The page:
25 January 2015

Tony Benn (1925-2014): the death of a political giant

The death of Tony Benn in March 2014 was a psychological blow for the political left in Britain.

Tony Benn was the most admirable British politician in the whole post war era.

In the 1970s Benn signalled in the Labour Party a way forward, not just as an alternative to Thatcherism and authoritarian market fundamentalism, but as a solution to the shortcoings of 1960s and 1970s social democracy. His 1981 defeat to Denis Healey in the battle for the deputy leadership of the Labour Party sadly indicated the start of a process which ended with victory for New Labour in the Party in 1990s.

Benn, unusually for British politicians, was a great moralist and teacher, and invariably presented his ideas in spellbinding orations, rather than through the pen, with even his diaries consisting mostly of written up recordings. Some of his famous aphorisms will always stay with me.

“It’s man’s capacity for good that makes democracy possible. It’s man’s capacity for bad which makes democracy necessary.”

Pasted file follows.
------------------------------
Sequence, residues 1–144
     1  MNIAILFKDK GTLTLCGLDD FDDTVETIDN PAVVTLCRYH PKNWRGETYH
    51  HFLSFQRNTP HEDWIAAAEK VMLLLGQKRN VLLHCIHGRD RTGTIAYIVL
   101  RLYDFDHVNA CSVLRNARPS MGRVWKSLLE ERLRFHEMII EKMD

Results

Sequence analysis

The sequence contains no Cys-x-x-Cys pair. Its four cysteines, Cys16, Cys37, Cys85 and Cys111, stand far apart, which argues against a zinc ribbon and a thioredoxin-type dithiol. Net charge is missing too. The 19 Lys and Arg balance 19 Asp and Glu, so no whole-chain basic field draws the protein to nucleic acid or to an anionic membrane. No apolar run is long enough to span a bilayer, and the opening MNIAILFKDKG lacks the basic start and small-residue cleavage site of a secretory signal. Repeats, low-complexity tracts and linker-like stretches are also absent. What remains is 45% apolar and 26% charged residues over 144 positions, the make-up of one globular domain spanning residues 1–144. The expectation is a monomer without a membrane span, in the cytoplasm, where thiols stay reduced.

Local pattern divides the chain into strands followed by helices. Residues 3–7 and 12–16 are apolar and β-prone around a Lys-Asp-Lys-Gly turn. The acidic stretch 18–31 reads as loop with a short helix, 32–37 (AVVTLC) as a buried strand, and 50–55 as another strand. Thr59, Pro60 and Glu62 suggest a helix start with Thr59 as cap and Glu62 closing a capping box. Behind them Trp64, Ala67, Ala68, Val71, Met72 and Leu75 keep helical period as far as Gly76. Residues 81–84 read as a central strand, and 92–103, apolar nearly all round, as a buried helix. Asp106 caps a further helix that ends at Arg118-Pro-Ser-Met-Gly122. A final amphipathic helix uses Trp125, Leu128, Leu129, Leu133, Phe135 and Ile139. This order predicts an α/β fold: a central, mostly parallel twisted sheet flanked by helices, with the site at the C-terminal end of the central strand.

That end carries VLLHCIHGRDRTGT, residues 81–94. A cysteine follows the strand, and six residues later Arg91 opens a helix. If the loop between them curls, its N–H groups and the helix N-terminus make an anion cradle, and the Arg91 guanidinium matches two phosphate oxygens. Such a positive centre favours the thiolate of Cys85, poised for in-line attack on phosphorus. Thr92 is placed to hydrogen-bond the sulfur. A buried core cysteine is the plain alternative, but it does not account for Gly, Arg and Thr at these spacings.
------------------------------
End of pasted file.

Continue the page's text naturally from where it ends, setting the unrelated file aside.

“I do ask people not to dwell too long on the theoretical differences between reform and revolution. I think if you added up all the reforms we want to make in the structure of society, people could not distinguish it from a revolution.”

“It’s not that we have reformed and failed, but we have failed to reform.”

Yet, Benn’s appeal to the moral high ground came at a price. Despite his position and influence in the Party, when his own Bristol constituency was abolished in boundary changes in 1983, he accepted defeat in the candidate selection process in the safe Bristol South seat. Rather than bunk off to a safe seat elsewhere, Benn remained loyal to the town of Bristol. He was accepted for marginal Bristol East where he lost to the Conservative candidate. Only then did he relocate to the mining constituency of Chesterfield, where he won a by-election in 1984, a seat he held until his retirement from Parliament in 2001.

Even after the left was crushed and marginalised in the late 1980s, he remained loyal to Labour – and I think mistakenly so - but he never capitulated to New Labour thinking.

Tony Benn’s death is a very great loss. He is sadly missed.

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